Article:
South Korea will withdraw plan to suspend licenses of striking doctors to resolve medical impasse

More than 13,000 junior doctors, who are medical interns and residents, walked off the job in February in protest of the government’s plan to sharply boost school admissions.
South Korean Health and Welfare Minister Cho KyooHong speaks during a meeting of the Central Disaster and Safety Countermeasures Headquarters at the government complex in Seoul, South Korea, Monday, July 8, 2024. South Korea says it’ll withdraw its earlier plan to suspend licenses of striking doctors to resolve the country's long medical impasse.
South Korean Health and Welfare Minister Cho KyooHong speaks during a meeting of the Central Disaster and Safety Countermeasures Headquarters at the government complex in Seoul, South Korea, Monday, July 8, 2024. South Korea says it’ll withdraw its earlier plan to suspend licenses of striking doctors to resolve the country's long medical impasse.Photo | AP

SEOUL: South Korea said Monday it’ll withdraw its earlier plan to suspend licenses of striking doctors to resolve the country's months-long medical impasse.

Health Minister Cho Kyoo Hong said Monday the government has decided not to suspend their licenses of the strikers, regardless of whether they return to their hospitals or not.

He said the government’s decision is meant to address a shortage of doctors treating emergency and serious patients and restore a training system to add more professional doctors.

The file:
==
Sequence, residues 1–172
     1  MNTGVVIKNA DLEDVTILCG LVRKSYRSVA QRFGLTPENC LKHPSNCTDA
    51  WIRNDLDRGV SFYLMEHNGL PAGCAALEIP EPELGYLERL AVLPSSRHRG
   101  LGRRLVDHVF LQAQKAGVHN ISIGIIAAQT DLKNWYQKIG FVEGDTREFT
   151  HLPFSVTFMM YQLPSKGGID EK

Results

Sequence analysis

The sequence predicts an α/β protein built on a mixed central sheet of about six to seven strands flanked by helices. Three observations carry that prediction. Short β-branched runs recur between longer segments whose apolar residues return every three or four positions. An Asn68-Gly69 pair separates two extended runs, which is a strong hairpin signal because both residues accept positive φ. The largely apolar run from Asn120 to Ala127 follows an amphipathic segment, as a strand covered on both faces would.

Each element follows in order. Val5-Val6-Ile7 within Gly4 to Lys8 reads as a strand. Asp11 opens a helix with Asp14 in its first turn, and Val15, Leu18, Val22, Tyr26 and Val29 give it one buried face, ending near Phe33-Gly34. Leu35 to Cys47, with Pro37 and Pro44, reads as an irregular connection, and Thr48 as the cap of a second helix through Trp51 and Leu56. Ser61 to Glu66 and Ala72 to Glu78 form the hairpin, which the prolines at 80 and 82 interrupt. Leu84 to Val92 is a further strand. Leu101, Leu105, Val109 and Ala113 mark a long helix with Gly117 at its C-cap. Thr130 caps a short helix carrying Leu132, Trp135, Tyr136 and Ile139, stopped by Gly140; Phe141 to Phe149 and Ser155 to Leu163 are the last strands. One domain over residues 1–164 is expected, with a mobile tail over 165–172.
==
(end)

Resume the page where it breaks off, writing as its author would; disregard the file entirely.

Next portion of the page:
More than 13,000 junior doctors, who are medical interns and residents, walked off the job in February in protest of the government’s plan to sharply boost school admissions. Their walkouts have significantly burdened operations of university hospitals where they had worked while training.

South Korean Health and Welfare Minister Cho KyooHong speaks during a meeting of the Central Disaster and Safety Countermeasures Headquarters at the government complex in Seoul, South Korea, Monday, July 8, 2024. South Korea says it’ll withdraw its earlier plan to suspend licenses of striking doctors to resolve the country's long medical impasse.
Why thousands of junior doctors in South Korea are striking, and what it means for patients

A Seoul court in May ruled in support of the government’s plan.

The government later withdraw its plan to suspend licenses of doctor who returned to their hospitals but didn’t do so on others who remained off the job.

Officials have said they want to add up to 10,000 doctors by 2035 to cope with the country’s fast-aging population and a shortage of physicians in rural areas and in low-paying yet essential specialties like pediatrics and emergency departments.

Doctors say schools aren’t ready to handle an abrupt increase in students and that it would ultimately undermine the country’s medical services. But critics argue that physicians, one of the best-paid jobs in South Korea, are mainly worried that having more doctors would lower their incomes.

South Korean Health and Welfare Minister Cho KyooHong speaks during a meeting of the Central Disaster and Safety Countermeasures Headquarters at the government complex in Seoul, South Korea, Monday, July 8, 2024. South Korea says it’ll withdraw its earlier plan to suspend licenses of striking doctors to resolve the country's long medical impasse.
South Korea takes steps to suspend licenses of striking doctors after they refuse to end walkouts

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